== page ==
A good airport operator knows that bird strikes and other airport wildlife hazards require special attention.  In part 1 of this series, Safety Management System (SMS) processes had identified the overall risk associated with the hazard and you began consulting with your airport stakeholders.

But before making a list of bird and animal species and checking it twice, we need to set the context for the rest of this process - after all, context is everything.

As we are dealing here with a very operational form of risk management, we are going to need a very operational context. The objectives of this step in the ISO31000 risk management process are to get all stakeholders on the same page and to pave the way for the risk assessment.

The Big Picture

There are quite a few pieces to this jigsaw puzzle and, of course, they will vary for each airport but the following is a good start.

1. Operational Context

This includes the basic details of the airport operation such as who operates the airport, its operational hours, critical aircraft, number of flights and passengers, etc. This information will plug into the analysis section of the risk assessment.

2. Environmental Context

This section starts to build a wider picture. First, I would situate the airport in the wider world - general location, basic geography and climate.  Then I get specific with the following:

  • Off-Airport Habitats and Activities  Within a 15km radius of the airport, what environments exist and activities are undertaken which will cause birds and animals to come to or transit over your airport? The big ones are human-related such as garbage dumps, sewage plants, slums, agricultural, etc. But natural environments should also be considered with natural food sources and roosting locations need to be considered.
  • On-Airport Habitats Due to the proximity to operating aircraft, this area requires more scrutiny. Each environment on the airport needs to be identified and understood. This includes natural areas like grasslands and heavier vegetation as well as man-made areas like garbage stations and perching structures.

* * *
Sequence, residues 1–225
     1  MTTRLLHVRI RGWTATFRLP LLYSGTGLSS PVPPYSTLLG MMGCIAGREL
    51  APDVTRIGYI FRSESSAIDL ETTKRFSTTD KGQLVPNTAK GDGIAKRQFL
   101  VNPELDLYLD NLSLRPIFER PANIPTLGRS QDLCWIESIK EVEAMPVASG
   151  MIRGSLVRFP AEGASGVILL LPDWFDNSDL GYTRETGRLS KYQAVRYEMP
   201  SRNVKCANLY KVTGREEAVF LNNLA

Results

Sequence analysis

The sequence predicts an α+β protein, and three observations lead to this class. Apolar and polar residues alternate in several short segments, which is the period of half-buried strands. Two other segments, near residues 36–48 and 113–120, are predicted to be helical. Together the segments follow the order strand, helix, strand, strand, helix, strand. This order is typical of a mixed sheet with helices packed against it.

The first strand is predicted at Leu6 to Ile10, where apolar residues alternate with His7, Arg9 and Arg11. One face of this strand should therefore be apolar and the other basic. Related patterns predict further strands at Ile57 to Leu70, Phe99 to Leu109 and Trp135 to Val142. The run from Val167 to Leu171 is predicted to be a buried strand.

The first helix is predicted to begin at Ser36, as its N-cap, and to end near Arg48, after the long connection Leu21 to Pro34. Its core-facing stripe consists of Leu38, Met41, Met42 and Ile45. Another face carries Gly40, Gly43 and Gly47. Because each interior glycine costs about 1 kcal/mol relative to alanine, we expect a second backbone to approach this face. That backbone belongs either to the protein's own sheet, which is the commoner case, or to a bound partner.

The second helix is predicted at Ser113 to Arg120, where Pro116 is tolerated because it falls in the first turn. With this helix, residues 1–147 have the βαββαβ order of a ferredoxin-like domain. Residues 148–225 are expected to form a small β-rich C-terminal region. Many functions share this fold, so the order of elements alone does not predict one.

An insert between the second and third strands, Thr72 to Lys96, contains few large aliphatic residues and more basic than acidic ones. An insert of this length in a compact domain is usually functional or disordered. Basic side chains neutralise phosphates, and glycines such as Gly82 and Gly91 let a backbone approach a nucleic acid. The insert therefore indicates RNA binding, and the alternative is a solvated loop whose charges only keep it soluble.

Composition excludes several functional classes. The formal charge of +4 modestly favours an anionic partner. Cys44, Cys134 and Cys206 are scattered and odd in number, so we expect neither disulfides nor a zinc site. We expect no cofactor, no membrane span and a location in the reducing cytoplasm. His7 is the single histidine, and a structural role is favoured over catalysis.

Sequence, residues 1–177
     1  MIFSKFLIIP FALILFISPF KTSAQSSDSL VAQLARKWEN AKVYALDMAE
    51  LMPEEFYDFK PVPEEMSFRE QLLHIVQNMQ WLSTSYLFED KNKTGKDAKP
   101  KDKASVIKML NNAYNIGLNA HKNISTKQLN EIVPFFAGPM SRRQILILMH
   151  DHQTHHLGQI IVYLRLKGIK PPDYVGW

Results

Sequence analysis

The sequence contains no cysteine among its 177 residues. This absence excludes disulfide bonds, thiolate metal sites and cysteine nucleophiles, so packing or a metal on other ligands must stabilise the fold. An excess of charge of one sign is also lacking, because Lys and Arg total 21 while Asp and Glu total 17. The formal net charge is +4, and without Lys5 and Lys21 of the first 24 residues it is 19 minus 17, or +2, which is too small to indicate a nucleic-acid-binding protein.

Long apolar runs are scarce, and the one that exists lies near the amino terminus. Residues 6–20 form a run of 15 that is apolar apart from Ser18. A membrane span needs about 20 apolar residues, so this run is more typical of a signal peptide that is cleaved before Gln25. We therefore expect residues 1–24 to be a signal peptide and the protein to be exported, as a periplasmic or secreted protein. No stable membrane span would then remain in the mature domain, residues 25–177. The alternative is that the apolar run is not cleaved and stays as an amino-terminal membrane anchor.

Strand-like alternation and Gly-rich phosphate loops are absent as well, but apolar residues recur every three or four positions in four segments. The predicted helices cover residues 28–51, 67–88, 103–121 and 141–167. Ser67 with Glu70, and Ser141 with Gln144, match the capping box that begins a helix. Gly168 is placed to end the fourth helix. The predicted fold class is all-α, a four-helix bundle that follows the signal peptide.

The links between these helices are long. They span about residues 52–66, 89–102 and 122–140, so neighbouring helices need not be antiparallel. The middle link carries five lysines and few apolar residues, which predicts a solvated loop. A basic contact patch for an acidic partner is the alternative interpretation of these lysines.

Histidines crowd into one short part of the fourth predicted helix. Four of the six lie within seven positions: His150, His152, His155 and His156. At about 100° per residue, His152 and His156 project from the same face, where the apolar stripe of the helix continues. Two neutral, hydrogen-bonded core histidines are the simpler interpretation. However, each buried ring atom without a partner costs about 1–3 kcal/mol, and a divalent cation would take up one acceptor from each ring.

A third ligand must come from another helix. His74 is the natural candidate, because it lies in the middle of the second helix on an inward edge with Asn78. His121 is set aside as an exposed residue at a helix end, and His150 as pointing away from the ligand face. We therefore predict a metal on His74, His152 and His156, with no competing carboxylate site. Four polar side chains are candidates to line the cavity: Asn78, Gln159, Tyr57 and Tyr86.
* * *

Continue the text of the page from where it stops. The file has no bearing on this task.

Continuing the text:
• On-Airport Activities Look to what you do that may attract birds. Mowing is a big one on my airport but others include lighting attracting insects and transferring garbage.

3. Historical Context

Within the airport environment, events have occurred which contribute to the risk picture.  These events include:

  • Natural Phenomena What has occurred or does occur at the airport to bring the wildlife? Seasonal weather variations, migratory activity or, as in my airport’s case, insect infestations.
  • Strike History This one is pretty straight forward and a big part of the analysis process.
  • Count History  A serious amount of bad luck is required for a bird strike, so strike data might not provide the full picture. Counts really help to fill in the gaps.

Building a Picture

This step can go a long way in identifying the sources of airport wildlife risk, but we’ll get to that next. Instead, this step can be limited to airport stakeholders discussing the context over a map or two of the airport and its surroundings. The real trick is to get this down on paper so that step forms the foundation of each progress set.

In part 3, we will get out “there” to see what birds and animals we have at and around our airport. Before you grab your sunglasses, hat and sunscreen, why not help build our context by leaving a comment below?

Additional Resources More information on wildlife hazard management and bird strikes can be found at: